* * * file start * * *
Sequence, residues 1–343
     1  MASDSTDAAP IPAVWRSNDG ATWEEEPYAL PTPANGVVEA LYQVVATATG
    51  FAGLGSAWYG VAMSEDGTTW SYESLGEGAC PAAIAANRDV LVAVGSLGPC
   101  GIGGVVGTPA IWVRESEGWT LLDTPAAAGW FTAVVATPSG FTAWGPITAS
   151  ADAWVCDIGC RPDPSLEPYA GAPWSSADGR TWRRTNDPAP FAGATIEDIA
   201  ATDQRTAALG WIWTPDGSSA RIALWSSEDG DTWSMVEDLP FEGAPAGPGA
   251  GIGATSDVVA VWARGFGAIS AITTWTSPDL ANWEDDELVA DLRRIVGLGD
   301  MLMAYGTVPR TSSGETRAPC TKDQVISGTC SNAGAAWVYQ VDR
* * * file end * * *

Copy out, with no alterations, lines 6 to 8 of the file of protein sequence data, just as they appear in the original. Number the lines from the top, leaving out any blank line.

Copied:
   201  ATDQRTAALG WIWTPDGSSA RIALWSSEDG DTWSMVEDLP FEGAPAGPGA
   251  GIGATSDVVA VWARGFGAIS AITTWTSPDL ANWEDDELVA DLRRIVGLGD
   301  MLMAYGTVPR TSSGETRAPC TKDQVISGTC SNAGAAWVYQ VDR